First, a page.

A'dae received her Bachelor of Arts in Public Policy from Princeton University, her law degree from Arizona State University’s College of Law, and her L.LM. in Food and Agricultural Law from the University of Arkansas School of Law. She currently sits on several boards, including the Lana’i Elementary and High School Foundation.

We are proud of A'dae's work and know that she will do an excellent job on the NOSB.

Thursday, December 10, 2015

The Food Recovery Act and our Faculty, Nicole Civita

Congresswoman Chellie Pingree's recently announced her proposal for the federal Food Recovery Act. This important new legislation would help to reduce wasted food and promote food recovery at the farm, retail, restaurant, institution, and consumer levels.

The LL.M. Program has been at the forefront of food recovery efforts since the inception of our Food Recovery Project in 2012.  The publication of Food Recovery: A Legal Guide brought national recognition to our efforts.

So when Congresswoman Pelligree took on this important issue, it should be no surprise that our faculty was there, working behind the scenes to assist her. Nicole Civita, Director of our Food Recovery Project and the author of the Legal Guide was instrumental in helping define the issue and craft the proposed remedies. Congresswoman Pelligree's office thanked Nicole for her help, stating that her "expertise and research were invaluable."

 The introduction of the Food Recovery Act brings the critical issue of food waste to Washington. We appreciate Nicole's contribution to that effort. Her leadership in this area is an important asset to our Program and to the future of our food system.

In addition to serving as the Director of our Food Recovery Project, Nicole teaches Urban Agriculture and Food Justice Law & Policy in the LL.M. Program. She also serves on the faculty of Sterling College in Vermont and as the Assistant Director of the Rian Fried Center for Sustainable Agriculture & Food Systems at Sterling.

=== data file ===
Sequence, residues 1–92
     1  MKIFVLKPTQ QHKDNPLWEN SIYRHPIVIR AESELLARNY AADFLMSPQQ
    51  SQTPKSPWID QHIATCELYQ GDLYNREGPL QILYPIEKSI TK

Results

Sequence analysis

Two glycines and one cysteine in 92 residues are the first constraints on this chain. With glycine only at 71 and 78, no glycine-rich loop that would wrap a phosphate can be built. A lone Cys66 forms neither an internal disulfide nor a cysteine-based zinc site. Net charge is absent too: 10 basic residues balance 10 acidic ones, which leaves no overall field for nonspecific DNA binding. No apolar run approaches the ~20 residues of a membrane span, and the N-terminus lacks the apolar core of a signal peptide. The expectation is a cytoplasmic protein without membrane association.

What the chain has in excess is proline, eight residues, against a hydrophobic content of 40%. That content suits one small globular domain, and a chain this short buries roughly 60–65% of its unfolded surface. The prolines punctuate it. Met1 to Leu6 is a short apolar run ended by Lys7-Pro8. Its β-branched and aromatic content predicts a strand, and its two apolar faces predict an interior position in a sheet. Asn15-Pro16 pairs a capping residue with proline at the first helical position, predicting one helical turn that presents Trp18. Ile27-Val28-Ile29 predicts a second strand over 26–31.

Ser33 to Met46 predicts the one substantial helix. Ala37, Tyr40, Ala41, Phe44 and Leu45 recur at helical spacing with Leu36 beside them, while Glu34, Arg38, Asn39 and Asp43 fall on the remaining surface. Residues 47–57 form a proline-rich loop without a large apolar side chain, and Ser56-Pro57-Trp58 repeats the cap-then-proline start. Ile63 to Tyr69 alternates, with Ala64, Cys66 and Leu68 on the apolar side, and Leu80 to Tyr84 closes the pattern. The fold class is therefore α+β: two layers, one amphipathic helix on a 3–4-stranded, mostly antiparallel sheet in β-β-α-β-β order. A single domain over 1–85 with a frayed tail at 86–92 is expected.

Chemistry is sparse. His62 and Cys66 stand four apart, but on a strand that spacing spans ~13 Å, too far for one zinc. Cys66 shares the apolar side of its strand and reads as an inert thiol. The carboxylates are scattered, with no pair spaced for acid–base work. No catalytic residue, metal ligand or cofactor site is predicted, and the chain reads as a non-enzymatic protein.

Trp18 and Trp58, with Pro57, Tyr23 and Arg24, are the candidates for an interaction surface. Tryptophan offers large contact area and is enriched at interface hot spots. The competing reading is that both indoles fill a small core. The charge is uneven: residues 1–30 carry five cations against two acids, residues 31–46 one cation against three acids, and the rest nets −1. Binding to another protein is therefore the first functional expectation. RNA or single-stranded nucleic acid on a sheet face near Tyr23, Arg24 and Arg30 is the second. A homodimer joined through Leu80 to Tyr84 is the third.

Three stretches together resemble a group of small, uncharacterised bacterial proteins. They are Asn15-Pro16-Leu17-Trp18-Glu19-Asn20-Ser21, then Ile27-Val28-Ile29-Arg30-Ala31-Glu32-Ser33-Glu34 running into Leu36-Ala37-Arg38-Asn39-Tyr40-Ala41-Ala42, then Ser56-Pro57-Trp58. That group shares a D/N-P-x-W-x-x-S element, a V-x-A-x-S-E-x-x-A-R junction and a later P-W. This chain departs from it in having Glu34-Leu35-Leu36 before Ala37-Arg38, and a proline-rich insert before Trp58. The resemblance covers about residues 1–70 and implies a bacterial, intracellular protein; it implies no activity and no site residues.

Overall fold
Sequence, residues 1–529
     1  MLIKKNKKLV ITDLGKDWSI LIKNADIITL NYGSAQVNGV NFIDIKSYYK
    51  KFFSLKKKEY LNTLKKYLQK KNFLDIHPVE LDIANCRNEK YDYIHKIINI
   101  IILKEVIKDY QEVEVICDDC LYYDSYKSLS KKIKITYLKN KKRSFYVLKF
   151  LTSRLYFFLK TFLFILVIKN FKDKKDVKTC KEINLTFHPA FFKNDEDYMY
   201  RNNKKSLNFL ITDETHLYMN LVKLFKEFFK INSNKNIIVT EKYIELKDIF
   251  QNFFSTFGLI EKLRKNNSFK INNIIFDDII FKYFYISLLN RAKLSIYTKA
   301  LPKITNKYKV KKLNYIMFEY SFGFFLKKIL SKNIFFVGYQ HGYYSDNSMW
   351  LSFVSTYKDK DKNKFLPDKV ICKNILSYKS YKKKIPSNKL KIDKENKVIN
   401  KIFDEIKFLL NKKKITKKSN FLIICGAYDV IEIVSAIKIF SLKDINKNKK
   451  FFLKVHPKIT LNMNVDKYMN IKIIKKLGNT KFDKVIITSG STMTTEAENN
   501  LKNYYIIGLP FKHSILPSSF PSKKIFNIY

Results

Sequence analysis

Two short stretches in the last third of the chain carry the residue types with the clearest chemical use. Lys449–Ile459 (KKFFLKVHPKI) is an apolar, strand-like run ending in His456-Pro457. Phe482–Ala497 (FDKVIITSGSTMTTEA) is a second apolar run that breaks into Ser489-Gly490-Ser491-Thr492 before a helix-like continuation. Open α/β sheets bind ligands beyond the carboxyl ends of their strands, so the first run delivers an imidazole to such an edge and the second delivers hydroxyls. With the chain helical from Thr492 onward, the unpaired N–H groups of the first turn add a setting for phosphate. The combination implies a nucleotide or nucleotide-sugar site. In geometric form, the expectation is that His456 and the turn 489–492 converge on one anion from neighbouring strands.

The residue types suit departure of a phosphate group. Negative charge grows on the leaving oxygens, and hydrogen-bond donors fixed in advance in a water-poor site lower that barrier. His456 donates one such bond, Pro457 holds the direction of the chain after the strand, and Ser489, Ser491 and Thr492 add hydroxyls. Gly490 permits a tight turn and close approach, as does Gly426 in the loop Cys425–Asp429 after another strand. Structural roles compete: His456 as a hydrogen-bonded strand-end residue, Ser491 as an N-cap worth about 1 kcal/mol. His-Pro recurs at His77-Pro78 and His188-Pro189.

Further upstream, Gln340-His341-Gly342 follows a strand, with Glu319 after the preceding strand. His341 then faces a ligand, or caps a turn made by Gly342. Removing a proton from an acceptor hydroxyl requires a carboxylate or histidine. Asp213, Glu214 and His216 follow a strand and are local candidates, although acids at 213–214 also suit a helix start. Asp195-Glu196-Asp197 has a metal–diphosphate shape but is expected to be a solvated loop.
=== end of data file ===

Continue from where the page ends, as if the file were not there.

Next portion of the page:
Tuesday, December 8, 2015

Article by LL.M. Almuna Margie Alsbrook featured in The Arkansas Lawyer

We were delighted to discover an excellent article in the fall issue of The Arkansas Lawyer by LL.M. Alumna Margie Alsbrook. The article 10 Things Every Lawyer Should Know About GMO's addresses the increasing number of genetically modified foods and consumers questions about the ethical use of genetically engineered technology. The article is available on The Arkansas Bar Associations website

While a candidate in the LL.M. Program, Margie served as the first editor-in-chief of the University of Arkansas' Journal of Food Law & Policy. She currently serves as the Next Generation Outreach & Organizational Operations Director for the Farm Journal Foundation

Tuesday, December 1, 2015

LL.M. Candidate Lauren Manning interviewed by Modern Farmer


Modern Farmer recently caught up with LL.M. Candidate Lauren Manning for a Q&A session on what makes Lauren a "modern farmer." An excerpt of that interview is included below. Check out the full interview at modernfarmer.com

It was a layoff that led Lauren Manning to agriculture. The 29-year-old lawyer, who was born and raised in Sacramento, California, had come to a fork in the road. And it was that fork that turned out to be the key. She'd become interested in the legal, political, and social aspects of food and agriculture but believed her path in life had already been set; agriculture would only be a side interest.